CCX – Succeed through sustainment
The Combat Conditioning Exercise is another demanding physical training event. Recruits will run through this course, practicing martial arts they have learned during MCMAP. Sustainment is key to Marine Corps martial arts. For most people, martial arts isn’t second nature (I probably couldn’t convince anyone that works at the dojo that though), so if you don’t use it, you lose it.
Although I feel that the CCX is beneficial as a whole, I do believe that the movements between stations are crucial to combat. Becoming proficient in the fireman’s carry (throwing a person over your shoulder like Forrest Gump did in Vietnam) and buddy drags (self explanatory) is crucial in combat. Having the strength to execute these simple skill can mean life or death in a combat situation.
I am not going to sugar coat this, the course was challenging for the recruits. However, I don’t think it’s because they couldn’t do it, I think they felt like they couldn’t do it. I think it was mentally challenging and they are beginning to push themselves to the limit.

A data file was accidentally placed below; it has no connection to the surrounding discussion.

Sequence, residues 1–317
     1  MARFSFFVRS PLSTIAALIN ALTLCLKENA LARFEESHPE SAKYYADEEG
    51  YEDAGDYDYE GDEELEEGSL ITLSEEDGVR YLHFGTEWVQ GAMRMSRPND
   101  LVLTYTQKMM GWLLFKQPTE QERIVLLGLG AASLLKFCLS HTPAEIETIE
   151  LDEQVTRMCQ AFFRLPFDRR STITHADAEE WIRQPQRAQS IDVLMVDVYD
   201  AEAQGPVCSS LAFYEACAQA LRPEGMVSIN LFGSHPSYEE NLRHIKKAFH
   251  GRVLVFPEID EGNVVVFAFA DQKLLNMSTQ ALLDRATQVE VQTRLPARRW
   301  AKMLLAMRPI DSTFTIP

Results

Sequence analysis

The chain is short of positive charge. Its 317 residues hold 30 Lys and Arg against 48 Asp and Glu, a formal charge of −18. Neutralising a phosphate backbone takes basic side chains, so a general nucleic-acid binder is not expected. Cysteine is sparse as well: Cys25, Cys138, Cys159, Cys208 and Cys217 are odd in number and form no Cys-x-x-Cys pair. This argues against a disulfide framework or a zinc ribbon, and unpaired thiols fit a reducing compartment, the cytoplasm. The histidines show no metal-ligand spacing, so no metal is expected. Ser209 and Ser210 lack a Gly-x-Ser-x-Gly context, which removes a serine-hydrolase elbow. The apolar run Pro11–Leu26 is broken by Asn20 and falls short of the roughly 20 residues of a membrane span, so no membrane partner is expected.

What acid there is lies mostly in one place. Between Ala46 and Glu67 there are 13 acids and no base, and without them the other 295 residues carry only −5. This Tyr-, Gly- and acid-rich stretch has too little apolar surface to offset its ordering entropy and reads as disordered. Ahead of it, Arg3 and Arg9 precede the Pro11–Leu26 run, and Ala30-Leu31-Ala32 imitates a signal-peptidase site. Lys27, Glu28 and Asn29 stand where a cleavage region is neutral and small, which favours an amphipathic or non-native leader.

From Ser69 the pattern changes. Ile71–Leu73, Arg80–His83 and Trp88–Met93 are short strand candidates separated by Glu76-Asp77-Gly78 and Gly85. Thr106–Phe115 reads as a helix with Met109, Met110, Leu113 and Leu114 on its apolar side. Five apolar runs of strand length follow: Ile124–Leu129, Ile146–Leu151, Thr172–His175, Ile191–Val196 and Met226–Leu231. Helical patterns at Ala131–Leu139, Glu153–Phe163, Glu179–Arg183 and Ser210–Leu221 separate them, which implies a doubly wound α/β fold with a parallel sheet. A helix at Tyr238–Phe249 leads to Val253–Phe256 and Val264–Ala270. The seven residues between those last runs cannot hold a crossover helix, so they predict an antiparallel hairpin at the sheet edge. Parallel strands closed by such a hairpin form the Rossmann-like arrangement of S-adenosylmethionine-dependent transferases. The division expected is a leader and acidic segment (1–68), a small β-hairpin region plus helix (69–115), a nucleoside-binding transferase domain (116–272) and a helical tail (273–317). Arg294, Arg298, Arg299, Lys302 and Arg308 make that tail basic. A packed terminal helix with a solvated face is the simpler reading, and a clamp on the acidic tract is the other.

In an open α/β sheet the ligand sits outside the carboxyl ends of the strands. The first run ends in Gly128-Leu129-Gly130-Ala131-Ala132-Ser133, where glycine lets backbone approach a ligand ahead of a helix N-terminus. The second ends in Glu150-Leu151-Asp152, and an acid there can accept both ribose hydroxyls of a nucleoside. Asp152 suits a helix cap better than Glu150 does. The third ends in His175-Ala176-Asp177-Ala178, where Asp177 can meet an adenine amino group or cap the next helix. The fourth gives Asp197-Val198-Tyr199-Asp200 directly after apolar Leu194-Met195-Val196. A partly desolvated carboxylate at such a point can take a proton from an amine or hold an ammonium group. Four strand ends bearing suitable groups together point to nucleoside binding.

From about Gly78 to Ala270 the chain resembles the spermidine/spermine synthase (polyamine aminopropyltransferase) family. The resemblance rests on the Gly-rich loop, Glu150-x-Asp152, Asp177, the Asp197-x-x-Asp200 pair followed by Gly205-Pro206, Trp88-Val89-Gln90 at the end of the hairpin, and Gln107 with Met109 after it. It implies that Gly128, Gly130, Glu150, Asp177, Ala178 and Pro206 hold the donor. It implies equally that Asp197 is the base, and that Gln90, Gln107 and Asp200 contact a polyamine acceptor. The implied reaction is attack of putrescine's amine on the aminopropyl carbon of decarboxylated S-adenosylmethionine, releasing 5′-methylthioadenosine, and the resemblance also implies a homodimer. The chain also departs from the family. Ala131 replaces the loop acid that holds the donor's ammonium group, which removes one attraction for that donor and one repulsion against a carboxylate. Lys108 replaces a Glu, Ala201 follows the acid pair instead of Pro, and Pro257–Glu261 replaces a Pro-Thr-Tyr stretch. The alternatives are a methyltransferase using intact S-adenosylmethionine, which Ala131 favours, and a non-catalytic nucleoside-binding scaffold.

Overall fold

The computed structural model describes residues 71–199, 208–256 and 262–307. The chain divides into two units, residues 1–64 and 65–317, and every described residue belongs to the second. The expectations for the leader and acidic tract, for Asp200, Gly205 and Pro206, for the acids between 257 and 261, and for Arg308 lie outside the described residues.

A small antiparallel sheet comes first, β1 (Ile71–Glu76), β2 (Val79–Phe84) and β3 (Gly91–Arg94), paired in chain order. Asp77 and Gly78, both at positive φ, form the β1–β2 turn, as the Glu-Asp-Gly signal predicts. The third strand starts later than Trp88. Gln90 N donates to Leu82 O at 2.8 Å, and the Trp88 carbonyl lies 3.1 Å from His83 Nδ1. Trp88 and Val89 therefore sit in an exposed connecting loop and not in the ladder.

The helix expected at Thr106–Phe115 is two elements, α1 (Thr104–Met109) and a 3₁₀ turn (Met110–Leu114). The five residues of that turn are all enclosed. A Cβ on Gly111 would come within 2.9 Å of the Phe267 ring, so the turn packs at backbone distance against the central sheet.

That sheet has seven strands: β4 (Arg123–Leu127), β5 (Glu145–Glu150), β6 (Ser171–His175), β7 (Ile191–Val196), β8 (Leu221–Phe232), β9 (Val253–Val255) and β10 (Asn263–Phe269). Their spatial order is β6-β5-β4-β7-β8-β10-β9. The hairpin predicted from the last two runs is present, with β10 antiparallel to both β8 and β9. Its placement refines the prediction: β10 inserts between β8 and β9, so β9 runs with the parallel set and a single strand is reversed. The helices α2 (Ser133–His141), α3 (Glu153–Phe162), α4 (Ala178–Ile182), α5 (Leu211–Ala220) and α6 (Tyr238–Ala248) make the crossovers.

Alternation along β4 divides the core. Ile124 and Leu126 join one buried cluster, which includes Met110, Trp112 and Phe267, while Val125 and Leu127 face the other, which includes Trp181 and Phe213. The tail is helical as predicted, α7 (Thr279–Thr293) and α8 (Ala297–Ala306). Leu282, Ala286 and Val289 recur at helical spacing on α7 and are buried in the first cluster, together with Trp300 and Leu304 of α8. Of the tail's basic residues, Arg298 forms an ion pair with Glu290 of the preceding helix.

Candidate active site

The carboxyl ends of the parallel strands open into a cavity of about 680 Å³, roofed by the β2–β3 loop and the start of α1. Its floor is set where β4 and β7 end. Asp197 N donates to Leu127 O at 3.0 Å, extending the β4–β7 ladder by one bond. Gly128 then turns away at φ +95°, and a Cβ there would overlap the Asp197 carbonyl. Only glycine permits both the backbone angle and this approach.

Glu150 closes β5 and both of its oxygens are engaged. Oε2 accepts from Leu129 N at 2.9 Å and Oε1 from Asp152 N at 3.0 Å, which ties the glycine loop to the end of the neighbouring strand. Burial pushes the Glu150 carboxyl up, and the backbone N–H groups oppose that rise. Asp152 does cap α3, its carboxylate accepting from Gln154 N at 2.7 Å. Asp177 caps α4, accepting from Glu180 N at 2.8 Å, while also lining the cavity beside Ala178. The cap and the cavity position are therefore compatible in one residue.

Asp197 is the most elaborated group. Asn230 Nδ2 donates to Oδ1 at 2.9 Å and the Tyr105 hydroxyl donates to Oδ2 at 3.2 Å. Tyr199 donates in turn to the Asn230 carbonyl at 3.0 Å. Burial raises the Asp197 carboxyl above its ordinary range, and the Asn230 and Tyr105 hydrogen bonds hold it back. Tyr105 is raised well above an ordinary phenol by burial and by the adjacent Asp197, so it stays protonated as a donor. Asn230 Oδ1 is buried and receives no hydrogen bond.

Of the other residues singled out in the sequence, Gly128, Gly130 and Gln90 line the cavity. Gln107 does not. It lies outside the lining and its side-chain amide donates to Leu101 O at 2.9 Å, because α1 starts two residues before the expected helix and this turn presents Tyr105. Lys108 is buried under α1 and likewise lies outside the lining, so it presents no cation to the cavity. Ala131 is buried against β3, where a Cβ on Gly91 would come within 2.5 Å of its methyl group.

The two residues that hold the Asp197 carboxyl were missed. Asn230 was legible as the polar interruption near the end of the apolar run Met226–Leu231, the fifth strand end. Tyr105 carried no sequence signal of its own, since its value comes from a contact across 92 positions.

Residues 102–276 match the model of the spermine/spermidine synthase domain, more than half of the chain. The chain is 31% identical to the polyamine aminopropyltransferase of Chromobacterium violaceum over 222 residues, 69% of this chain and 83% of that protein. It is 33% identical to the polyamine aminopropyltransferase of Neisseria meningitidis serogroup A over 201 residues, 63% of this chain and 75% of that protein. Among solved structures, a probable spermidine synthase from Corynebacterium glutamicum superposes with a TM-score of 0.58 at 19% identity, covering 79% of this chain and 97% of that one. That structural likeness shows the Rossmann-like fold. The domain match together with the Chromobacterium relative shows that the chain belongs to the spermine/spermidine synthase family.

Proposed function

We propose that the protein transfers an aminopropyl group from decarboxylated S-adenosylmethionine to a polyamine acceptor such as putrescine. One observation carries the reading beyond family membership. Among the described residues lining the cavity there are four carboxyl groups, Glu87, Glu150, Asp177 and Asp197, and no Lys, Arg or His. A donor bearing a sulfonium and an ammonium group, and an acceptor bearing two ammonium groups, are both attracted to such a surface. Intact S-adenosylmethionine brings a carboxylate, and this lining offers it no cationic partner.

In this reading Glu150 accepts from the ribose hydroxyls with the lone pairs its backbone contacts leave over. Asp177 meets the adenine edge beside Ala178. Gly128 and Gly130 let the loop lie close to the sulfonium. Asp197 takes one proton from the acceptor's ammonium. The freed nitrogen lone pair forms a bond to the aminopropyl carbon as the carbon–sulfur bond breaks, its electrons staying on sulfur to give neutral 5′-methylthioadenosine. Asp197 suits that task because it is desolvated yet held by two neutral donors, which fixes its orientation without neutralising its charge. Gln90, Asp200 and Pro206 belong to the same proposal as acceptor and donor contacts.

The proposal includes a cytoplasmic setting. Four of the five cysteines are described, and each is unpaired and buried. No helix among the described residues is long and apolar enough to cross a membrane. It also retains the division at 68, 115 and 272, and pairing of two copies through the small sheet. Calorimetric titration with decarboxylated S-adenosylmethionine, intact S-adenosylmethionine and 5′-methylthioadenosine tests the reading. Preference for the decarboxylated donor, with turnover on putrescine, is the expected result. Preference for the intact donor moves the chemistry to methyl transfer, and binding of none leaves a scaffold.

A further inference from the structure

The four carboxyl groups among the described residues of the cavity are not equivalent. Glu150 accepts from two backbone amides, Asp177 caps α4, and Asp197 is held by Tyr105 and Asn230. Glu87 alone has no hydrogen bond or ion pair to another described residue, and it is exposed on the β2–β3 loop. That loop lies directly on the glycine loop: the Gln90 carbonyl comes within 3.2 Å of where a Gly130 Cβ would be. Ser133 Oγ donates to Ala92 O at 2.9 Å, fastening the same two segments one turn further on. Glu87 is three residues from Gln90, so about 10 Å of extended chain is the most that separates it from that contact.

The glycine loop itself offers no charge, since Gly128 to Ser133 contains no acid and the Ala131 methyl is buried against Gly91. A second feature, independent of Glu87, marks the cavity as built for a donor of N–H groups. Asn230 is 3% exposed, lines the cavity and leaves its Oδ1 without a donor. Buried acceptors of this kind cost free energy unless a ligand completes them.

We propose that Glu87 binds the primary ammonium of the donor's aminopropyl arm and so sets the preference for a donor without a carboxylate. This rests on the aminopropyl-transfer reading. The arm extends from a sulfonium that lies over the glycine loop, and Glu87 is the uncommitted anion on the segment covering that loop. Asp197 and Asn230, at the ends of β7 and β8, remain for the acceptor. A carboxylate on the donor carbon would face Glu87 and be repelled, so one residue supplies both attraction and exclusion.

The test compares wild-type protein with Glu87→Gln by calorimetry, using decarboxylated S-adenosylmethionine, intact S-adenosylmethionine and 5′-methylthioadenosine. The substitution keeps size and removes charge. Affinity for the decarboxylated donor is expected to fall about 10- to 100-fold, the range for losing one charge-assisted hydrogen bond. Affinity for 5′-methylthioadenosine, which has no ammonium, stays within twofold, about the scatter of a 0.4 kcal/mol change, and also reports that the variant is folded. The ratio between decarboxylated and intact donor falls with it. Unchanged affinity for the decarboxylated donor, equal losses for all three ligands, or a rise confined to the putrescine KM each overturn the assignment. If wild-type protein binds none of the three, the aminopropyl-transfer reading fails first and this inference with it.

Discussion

This inspection is only one in many inspections they will receive while in training. They are tested on the retention of what they have learned over that last three weeks to include Marine Corps knowledge and rifle manual. The questions they ask are fairly easy, i.e. – Who’s the Commandant of the Marine Corps or Who’s the Regimental Sergeant Major (his name is Sgt. Maj. McCook by the way, and you can ask anyone they will tell you he is everywhere on the depot assuring the welfare of your recruits. He’s probably even reading this blog so you might want to tell him how much you want it to stay…)
Now with that being said, pretty easy right? Well not always. When someone who is 6’2, screaming in your face and about to snatch a rifle out of your hand, the answer may not come quickly enough or not at all for that matter.
Speed and Intensity is also tested here. Responding under pressure is another crucial characteristic in combat.
Well, all I can say is congratulations to Follow series (more specifically platoon 2155) for taking the trophy home anyway. BUT, I do want to take this chance to make a point:
Follow series has more platoons, which means they have a better chance of winning. Now, when I said this at the competition, the response I got was one I expected, “That just means Lead series needs to step it up.”
The answer to last weeks question is there are nine events that the recruits of Golf Company are graded on to win Honor Platoon.
The Dan Daly Award is given every cycle to the hardest working drill instructor. I think this award is significant because it is a symbol of the energy, time and patience they put toward your recruit. Until next time, you should familiarize yourself with Dan Daly as some may say he is the epitome of a Marine.
The video to this blog is on its way. The first series to this blog will come out in this weeks paper. Look for it here.